I was a big supporter of Steven Soderbergh’s Contagion last year, which I thought was a very well thought-out and perfectly executed simulation of what a globe-spanning plague would look like. If nothing else, making a realistic and plausible depiction of the end of the world is a very ambitious prospect from a man who can do great things when he gets ambitious. Soderbergh’s ambition has led him to make films like his excellent four-hour Che Guevara biography, his globe spanning and all-encompassing Traffic, or his interesting recreation of the 1940s Hollywood style in The Good German. However, there’s another side of his career where he makes interesting but ultimately disposable experiments seemingly on a whim. His latest film, Haywire, is unfortunately an entry into that second group. It’s a film which he probably decided to make after waking up one morning and thinking: you know, maybe it would be fun to film a fight scene today.
The film begins with a man (Channing Tatum) walking into a café, sitting down at a table with a woman (Gina Carano), and after a short discussion blows are thrown and the two get into a big fist fight. The woman, Mallory Kane, eventually wins the fight and escapes with a bystander (Michael Angarano) at the café and as they drive away the woman begins to tell the story of how she got to that point. Mallory is apparently an agent-for-hire working for a mercenary group that is now out for her head after a job that wasn’t what it seemed to be went wrong. Her boss, Kenneth (Ewan McGregor) has betrayed her and now she needs to escape from both Kenneth’s agents and normal police.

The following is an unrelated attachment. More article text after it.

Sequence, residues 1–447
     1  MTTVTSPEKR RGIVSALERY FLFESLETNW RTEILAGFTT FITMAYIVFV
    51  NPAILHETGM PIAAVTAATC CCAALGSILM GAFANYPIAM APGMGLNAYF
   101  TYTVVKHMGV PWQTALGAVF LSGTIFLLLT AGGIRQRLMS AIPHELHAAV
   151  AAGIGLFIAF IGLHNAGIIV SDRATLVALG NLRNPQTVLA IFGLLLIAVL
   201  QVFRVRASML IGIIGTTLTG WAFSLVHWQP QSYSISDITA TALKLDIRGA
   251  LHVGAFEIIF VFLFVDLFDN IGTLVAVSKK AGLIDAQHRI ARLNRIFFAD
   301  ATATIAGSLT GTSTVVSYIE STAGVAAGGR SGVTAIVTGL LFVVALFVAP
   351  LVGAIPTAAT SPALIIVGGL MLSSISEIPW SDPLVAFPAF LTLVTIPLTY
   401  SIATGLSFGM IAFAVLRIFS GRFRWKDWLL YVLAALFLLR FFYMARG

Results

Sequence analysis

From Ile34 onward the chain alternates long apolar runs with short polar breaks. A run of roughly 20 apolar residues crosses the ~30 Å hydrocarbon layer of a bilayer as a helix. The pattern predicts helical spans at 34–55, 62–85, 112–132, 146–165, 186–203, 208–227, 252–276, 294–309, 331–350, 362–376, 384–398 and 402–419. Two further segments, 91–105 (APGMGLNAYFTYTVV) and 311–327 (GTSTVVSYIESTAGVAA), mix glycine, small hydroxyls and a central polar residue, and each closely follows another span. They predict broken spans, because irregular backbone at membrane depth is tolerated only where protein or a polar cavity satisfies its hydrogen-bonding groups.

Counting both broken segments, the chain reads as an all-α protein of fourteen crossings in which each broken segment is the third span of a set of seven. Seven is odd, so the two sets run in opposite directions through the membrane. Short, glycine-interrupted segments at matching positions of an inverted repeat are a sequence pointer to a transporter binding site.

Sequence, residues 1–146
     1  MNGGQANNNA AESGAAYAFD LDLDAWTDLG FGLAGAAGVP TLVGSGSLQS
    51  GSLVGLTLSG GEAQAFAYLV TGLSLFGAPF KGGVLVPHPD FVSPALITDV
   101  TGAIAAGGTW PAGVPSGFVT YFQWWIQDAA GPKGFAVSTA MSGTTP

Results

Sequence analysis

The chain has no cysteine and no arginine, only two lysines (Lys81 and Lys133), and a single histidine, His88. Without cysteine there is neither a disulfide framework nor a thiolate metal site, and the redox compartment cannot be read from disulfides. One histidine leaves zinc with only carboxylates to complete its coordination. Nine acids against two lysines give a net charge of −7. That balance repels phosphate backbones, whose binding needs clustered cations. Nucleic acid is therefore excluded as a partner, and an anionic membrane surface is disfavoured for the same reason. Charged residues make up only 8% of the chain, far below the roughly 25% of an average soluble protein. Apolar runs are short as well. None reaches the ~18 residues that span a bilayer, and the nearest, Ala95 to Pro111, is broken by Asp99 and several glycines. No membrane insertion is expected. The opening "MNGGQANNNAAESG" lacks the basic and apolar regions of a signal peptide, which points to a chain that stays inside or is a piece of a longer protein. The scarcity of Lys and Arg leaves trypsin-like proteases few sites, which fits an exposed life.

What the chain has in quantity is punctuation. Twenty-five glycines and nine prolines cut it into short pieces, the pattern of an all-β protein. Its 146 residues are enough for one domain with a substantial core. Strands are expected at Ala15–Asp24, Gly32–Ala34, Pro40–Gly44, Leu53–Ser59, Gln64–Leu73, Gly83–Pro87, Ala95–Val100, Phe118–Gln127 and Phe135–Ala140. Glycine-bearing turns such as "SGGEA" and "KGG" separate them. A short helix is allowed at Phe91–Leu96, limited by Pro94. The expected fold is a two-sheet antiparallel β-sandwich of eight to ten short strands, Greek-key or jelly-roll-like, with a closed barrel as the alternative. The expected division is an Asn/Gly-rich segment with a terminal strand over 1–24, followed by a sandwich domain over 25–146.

The film’s star, Gina Carano, is not a professional actress: she’s a mixed martial artist who was on the rebooted American Gladiators from a few years back. This is not the first time that Soderbergh has cast people for their real life occupation rather than their acting experience: he did a similar thing with the porn star Sasha Grey in the film The Girlfriend Experience and with an entire cast of non-actors in his 2005 experiment Bubble. In many ways Haywire feels like a similar experiment that has been disguised as a Hollywood action film. Soderbergh seems to be constructing a de-glamorized depiction of the life of a mercenary in much the same way that The Girlfriend Experience gave us a de-glamorized depiction of the life of a high end call-girl. To some extent this is a tough line to walk. The movie runs the risk of being as silly as a Hollywood action film while also lacking the fun and excitement of a Hollywood action film.
To the film’s credit, the fight scenes in the movie really are pretty good. They play out in a very direct and matter of fact way; there’s no music accompanying them and the fight choreography is blunt and brutal. It’s clear that these combatants know what they’re doing but the fights they get into remain down and dirty brawls. Other forms of action in the movie are a bit more hit-and-miss. There’s a cool cat-and-mouse scene where Mallory is chased through a couple of buildings by police, and a somewhat amusing scene where She drives a car in reverse for a rather long distance through the woods, but none of these are stand-out set-pieces that can really compete with the best scenes from Hollywood’s top action movies. For that matter there’s little here that will give low budget, but high achieving foreign action movies like The Raid either.
In short, I feel like there’s enough in Haywire to please both Soderbergh’s devoted fans and those looking for a modest action flick to rent on a Saturday afternoon, but this is hardly Soderbergh at his best. While Soderbergh is almost always able to bring at least a few good ideas to any project he works on, this is just too half-assed to really be saved by them. We deserve better in our action movies and we deserve better from our iconic directors.
**1/2 out of Four